MSC assessment of OPAGAC fisheries underway
The Organization of Associated Producers of Large Freezer Tuna Freezers (OPAGAC) has contracted with certification body Lloyd’s Register to evaluate its tuna-fishing operations, a step forward in the organization’s push to achieve Marine Stewardship Council certification.
OPAGAC’s fleet operates in the Pacific, Indian, and Atlantic oceans, fishing 12 different stocks of tuna, including yellowfin, skipjack, and bigeye. Collectively, it lands 380,000 metric tons of tuna per year, or 8 percent of the annual global catch.
“This is the largest tuna fleet in the world to apply for MSC certification on this scale which shows OPAGAC’s commitment to sustainable practice and fisheries management,” Lloyd´s Register Fisheries Manager Polly Burns said in a press release.
OPAGAC created a fishery improvement project in 2016 in collaboration with WWF, covering the entirety of its fishery. As part of the set-up of the FIP, OPAGAC contracted with consultancy MRAG to conduct a pre-assessment of the fishery. At the time, OPAGAC said it would pursue MSC certification within five years, by 2021.
“Through the important progress in the fishery improvement projects and now with the decision to enter it fisheries in three oceans for assessment, is contributing to accelerating change in the global tuna fishing sector,” MSC Director for Spain and Portugal Laura Rodríguez Zugasti said. “It is a great satisfaction for the MSC office in Spain that the Spanish tuna fishing fleet assumes leadership on the global action for sustainable fishing.”
OPAGAC said Lloyd’s Registers’ initial assessment of its fishery will be available for public comment by the end of the summer. If MSC certification is granted, OPAGAC will serve as its guarantor, overseeing the adherence of its 40 member companies to MSC standards.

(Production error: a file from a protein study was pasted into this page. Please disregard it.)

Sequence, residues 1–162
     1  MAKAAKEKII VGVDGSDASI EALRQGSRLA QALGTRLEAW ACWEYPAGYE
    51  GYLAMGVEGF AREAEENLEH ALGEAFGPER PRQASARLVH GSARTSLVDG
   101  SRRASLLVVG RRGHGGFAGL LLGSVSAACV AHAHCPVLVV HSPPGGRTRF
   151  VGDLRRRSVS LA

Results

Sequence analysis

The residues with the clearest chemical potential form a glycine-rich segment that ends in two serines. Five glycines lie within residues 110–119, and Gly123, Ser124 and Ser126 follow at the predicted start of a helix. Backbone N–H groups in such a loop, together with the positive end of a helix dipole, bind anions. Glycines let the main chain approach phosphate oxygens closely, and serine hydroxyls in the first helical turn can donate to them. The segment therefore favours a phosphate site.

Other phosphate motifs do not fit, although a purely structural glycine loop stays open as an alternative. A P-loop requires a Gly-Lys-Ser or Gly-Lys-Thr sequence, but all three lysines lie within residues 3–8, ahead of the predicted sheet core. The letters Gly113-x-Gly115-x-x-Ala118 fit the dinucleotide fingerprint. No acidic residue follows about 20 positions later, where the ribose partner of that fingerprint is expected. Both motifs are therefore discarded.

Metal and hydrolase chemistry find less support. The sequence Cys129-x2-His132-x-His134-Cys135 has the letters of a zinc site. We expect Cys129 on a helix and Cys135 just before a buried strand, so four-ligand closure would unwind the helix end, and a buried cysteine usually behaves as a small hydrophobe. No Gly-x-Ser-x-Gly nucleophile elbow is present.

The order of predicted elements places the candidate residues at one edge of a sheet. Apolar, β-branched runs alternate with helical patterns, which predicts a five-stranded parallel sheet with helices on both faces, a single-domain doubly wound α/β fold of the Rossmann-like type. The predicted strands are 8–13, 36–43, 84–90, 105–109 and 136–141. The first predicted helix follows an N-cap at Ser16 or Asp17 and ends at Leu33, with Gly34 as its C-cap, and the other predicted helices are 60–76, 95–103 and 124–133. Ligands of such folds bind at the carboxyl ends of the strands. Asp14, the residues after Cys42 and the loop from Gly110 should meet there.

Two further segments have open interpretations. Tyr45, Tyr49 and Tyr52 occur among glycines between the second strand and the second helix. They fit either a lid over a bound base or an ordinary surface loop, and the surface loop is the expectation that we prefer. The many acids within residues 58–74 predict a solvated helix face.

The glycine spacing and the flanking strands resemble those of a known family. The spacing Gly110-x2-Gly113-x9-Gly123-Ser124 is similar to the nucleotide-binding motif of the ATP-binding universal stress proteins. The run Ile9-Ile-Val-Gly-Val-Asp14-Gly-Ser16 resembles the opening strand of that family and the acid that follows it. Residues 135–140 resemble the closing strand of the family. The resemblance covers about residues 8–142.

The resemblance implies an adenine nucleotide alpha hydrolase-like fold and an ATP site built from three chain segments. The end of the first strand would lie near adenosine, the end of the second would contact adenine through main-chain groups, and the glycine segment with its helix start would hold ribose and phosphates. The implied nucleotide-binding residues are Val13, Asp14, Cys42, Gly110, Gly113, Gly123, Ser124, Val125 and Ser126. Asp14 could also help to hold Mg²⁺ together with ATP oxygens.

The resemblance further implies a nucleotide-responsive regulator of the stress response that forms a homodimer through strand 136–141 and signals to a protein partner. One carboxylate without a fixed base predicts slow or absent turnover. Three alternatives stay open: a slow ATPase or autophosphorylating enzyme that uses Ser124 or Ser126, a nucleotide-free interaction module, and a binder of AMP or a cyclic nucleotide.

“For many years, we fishermen have been clear that a fishery that is not sustainable has no future and, therefore, we want to meet the objective of our FIP and the commitment to sustainable and responsible fishing,” OPAGAC Managing Director Julio Morón said.
The potential MSC certification will be added to the certification of OPAGAC's fishery to its own Responsible Fishing Tuna Standard, known by its Spanish acronym APR. The APR certification has environmental and social requirements, including verification the fishery adheres to the 2007 International Work Organization Work in Fishing Convention (ILO 188).
“This certificate is [a] pioneer in the global fishing sector as it is the only one that guarantees best practices in the three aspects of socioeconomic, environmental and control factors. APR accredits control of fishing, good practice on board ships regarding responsible fishing, compliance with work safety and social conditions in accordance with ILO Convention 188 and maritime and health control,” Morón said in the release.